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“Green Blue + Indigo Violet” is as colorful and dynamic as it sounds

Indie pop staple COIN creates a work of irresistible contradictions and captivating instrumentation, all thanks to life’s complexities

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Processed with VSCO with aga3 preset

“Green Blue + Indigo Violet” sets a very specific scene — staring at the cosmos, straining to find meaning and dancing despite the confusion. COIN kept this album short but unavoidably sweet, once again epitomizing the indie pop genre. Chase Lawrence, Ryan Winnen and Joe Memmel collaborated to create arguably their most advanced album yet. Deeply colorful and comforting, each song paints a picture of life’s many contradictions in an irresistibly cool way. On “Green Blue + Indigo Violet” — COIN’s fourth studio album — the group appears to have nailed its sound down to an artistic science. These songs evoke the feelings of listening at sunset, soaking in summertime and experiencing a comforting sadness.

The first song on the album, “Sprite,” sounds like the off-brand version of a Harry Styles hit. Surprisingly, it works all too well. The sonic landscape of sunshine and glittery instrumentation is reminiscent of Styles’ “Watermelon Sugar,” which hypnotized listeners in 2019. Pleading for a fresh start, Lawrence exudes lush, full and lustful lyrics. Winnen and Memmel also pack a playful punch on drums and lead guitar, each equally prominent and smooth. This track is something to listen to on the way home, wherever or whoever that might be. In all, “Sprite” is the timely ode to feeling out of touch that many listeners truly needed.

“Sagittarius Superstar” continues the same energy with an exciting twist in vocals. Faye Webster graces the track with her soft, melodic tone that makes sadness magnetic. Tiptoeing the fine line between melancholy and liberation, Lawrence and Webster create a unified love letter to infatuation.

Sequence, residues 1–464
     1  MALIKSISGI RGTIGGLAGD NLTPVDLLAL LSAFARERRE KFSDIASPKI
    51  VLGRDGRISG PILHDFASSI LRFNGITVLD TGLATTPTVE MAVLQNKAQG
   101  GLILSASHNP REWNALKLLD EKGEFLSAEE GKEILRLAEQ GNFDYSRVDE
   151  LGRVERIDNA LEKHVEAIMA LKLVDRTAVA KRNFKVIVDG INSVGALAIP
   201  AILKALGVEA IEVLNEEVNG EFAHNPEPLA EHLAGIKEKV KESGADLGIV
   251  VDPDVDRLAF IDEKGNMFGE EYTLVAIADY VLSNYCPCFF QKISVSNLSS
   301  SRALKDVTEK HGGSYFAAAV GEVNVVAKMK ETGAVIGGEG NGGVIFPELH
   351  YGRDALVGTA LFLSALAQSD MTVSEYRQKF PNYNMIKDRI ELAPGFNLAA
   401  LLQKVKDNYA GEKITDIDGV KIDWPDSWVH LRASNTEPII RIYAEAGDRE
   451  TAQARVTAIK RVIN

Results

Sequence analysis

Just two songs in, “Green Blue + Indigo Violet” rocks listeners with an unexpected change of pace. “Turnaround” exudes self-loathing and exhaustion. This track describes being unconditionally attracted to someone and coming back to them despite your better judgment. 

“Earth to God” continues this downbeat interlude in the album, as Lawrence alludes to feeling alone in the presence of others. The lyrics wonder at existential inquiries that plague the minds of artists and listeners alike. “Earth To God” is putting off prayer and clawing your way out of isolation. This song captures the nearly ethereal aim of the album – think laughing and crying among the clouds.

After these tracks, COIN fans can take a deep breath and dive back into thoughts of easy living and listening. “Sort It Out” sounds like something that could be laid over a vlogger’s summertime reels. It’s funky, trendy and high-fashion, something more akin to the tunes of vintage COIN. On the other hand, “You Are The Traffic” deals with a person that is alluring distraction personified as Lawrence swoons,“Everyone is in the way, except you.” The overpowering instrumentation comes in welcome waves, washing over the audience with Memmel’s flowing guitar chords.

The last song on the album, “I Feel Alive?” is a fitting end to COIN’s most recent sonic journey. The track name says it all, but the instrumentation is an unexpected surprise. Once again, this album screams ambivalence and measured chaos. It’s an optimistic uncertainty that takes a jab at singing the occasionally arduous human experience. COIN proves their talent for making light of life.

Overall, “Green Blue + Indigo Violet” points to uncertainty, whether it be in love, life or self. However, the album makes inner turmoil shockingly attractive. Changes in instrumentation shift the album across the spectrum of electronic and angelic while remaining mostly upbeat.